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Basic Processing for Mobile Photography

Lesson 1 of 7

Class Introduction

 

Basic Processing for Mobile Photography

Lesson 1 of 7

Class Introduction

 

Lesson Info

Class Introduction

My name is Pei Ketron, and today we're gonna be talking about basic processing for mobile photography. Everyone these days is taking photos on their phones and it's really important to know what to do with those photos once you've taken them. There are a whole host of apps out there that you can use to edit images and sometimes it can be hard to narrow it down and decide which one you want to use. So today we're gonna be talking about some of those apps that either free or very low cost. I'm gonna walk you through some of them and by the end you should walk away with a good understanding of how to get started with these apps so that you can make your photos look as great as possible.

Class Description

Everyone always has a phone with them, and that means they always have access to a powerful camera. But once you’ve taken the photos, what can do to make them look truly exceptional? Pei Ketron, photographer and internationally renowned Instagrammer will show you how to use some of the most popular iPhone editing apps to process your images and create a simple and efficient workflow.

In this class, you’ll learn:

  • How to select and use various editing apps
  • iPhone photography workflow
  • Editing to give your images the look you want to achieve

Editing your iPhone pictures doesn’t have to be complicated and this class will show you how to take those images and make them ones that you’ll want to share with your family, friends and on social media.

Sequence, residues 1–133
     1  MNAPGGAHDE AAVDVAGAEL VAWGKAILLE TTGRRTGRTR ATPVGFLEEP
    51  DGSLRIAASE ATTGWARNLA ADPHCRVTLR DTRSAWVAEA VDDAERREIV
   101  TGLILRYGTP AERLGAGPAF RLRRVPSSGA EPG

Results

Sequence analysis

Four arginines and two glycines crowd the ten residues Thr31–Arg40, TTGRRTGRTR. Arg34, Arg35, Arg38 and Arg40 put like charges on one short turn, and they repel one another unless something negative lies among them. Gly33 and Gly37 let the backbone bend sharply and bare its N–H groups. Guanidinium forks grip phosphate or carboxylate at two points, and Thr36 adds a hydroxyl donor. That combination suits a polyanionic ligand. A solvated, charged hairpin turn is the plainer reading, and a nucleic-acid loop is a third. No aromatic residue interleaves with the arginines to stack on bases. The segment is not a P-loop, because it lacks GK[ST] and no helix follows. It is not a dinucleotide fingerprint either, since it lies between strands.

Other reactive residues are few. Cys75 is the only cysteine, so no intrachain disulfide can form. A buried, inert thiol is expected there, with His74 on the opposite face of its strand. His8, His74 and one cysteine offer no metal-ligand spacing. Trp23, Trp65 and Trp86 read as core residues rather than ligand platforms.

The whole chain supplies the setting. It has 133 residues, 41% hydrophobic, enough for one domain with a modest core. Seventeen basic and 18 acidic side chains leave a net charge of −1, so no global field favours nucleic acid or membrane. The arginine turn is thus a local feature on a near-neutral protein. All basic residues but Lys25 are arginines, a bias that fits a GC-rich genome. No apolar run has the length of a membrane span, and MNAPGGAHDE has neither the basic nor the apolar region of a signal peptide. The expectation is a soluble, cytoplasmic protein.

Reviews

a Creativelive Student
 

Great except the sound volume is lower than average Creative Live show

PETE
 

It's not her. She clearly knows photography. At least I think she does. But what happened to knowing that you can't really see a photo online that well, especially in something like instagram. And moving sliders is so different than getting the good light in camera, as, you know, photographers do. This is a great way for the lay person to produce better looking photos. Not better photos. It's like taking a profession and learning to fake it, but forgetting to mention that's what you are doing. In this age of short cuts and faking it, shouldn't we just have that clause stated some place: Warning! This is a great shortcut but not great photography. A quick copy of a great work of art produces a quick copy, not art. Are there now people who don't know the difference?